FAIRFAX, Va. (WDVM) — According to a study by New American Economy, immigrants in Northern Virginia are more likely to contract the coronavirus and are less likely to receive federal aid.
The NAE, in partnership with the Northern Virginia Regional Commission and the Community Foundation for Virginia, found “gaps in federal relief packages, language access barriers, and increased risks of infection associated with frontline and essential work.”
In 2018, immigrants made up 27.6 percent of Fairfax County residents. That same year, they made up 60.1 percent of all construction workers, 56.9 percent of essential services workers, 51.2 percent of all transportation and warehousing workers, and 50.2 percent of food service workers.
“They’re in jobs that put them in close proximity to each other, perhaps in close proximity to people that are ill,” said Northern Virginia Regional Commission’s Executive Director Robert Lazaro. “That’s why they seem to be getting more of the disease than other ethnic groups in the region.”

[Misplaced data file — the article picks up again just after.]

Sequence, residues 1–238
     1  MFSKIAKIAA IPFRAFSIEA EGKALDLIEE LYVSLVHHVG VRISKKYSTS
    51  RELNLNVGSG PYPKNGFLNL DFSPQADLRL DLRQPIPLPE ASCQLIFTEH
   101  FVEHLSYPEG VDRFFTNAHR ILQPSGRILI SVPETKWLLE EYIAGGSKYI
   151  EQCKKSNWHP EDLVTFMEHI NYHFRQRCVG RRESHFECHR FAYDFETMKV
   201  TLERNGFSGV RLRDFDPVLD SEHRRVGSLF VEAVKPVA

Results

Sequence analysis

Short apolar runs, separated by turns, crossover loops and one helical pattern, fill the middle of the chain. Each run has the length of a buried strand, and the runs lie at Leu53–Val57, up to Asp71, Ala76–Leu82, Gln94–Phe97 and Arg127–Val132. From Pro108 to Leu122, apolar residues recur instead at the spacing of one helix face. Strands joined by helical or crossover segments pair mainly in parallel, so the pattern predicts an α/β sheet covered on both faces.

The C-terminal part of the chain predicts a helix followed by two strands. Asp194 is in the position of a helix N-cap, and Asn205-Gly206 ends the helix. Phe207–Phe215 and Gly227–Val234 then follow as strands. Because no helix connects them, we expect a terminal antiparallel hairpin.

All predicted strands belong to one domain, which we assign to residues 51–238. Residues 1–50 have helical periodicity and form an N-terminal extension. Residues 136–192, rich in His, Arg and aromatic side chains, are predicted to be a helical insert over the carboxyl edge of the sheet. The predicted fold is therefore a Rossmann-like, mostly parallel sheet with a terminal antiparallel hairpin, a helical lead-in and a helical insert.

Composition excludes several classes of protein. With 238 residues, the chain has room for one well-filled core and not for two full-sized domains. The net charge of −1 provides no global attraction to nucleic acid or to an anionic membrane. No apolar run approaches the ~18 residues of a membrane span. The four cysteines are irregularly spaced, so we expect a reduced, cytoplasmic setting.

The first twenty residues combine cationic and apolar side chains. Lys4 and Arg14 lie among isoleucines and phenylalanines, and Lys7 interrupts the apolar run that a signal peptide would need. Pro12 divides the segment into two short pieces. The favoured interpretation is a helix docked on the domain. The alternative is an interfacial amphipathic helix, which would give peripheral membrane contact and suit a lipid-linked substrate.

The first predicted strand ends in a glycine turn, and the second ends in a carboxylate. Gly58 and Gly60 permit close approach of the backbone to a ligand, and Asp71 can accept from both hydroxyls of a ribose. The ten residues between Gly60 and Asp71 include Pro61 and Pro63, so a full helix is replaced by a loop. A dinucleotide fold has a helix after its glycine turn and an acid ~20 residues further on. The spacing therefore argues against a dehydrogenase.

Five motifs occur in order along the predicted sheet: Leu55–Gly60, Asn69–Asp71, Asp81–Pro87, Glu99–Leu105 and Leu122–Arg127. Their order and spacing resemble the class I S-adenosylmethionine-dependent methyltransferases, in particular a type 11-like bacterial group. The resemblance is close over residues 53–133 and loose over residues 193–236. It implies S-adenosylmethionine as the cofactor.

Immigrants are also business owners. They make up 59.3 percent of Fairfax County’s entrepreneurs.
Over 100,000 immigrants living in Northern Virginia had limited English language proficiency. Most of them were Spanish speakers at home. Over 100,000 of them were uninsured in 2018.
“The immigrant community is very important to the economic and social fabric of our region,” Lazaro said. “This highlights the need for more data and more understanding of how folks have been negatively impacted prior to COVID-19 in terms of business opportunities and business development.”
Meanwhile, Lazaro hopes the findings will stimulate two things: “Inform folks about the importance of being a diverse region and… the importance of the federal government to provide aid to our local governments.”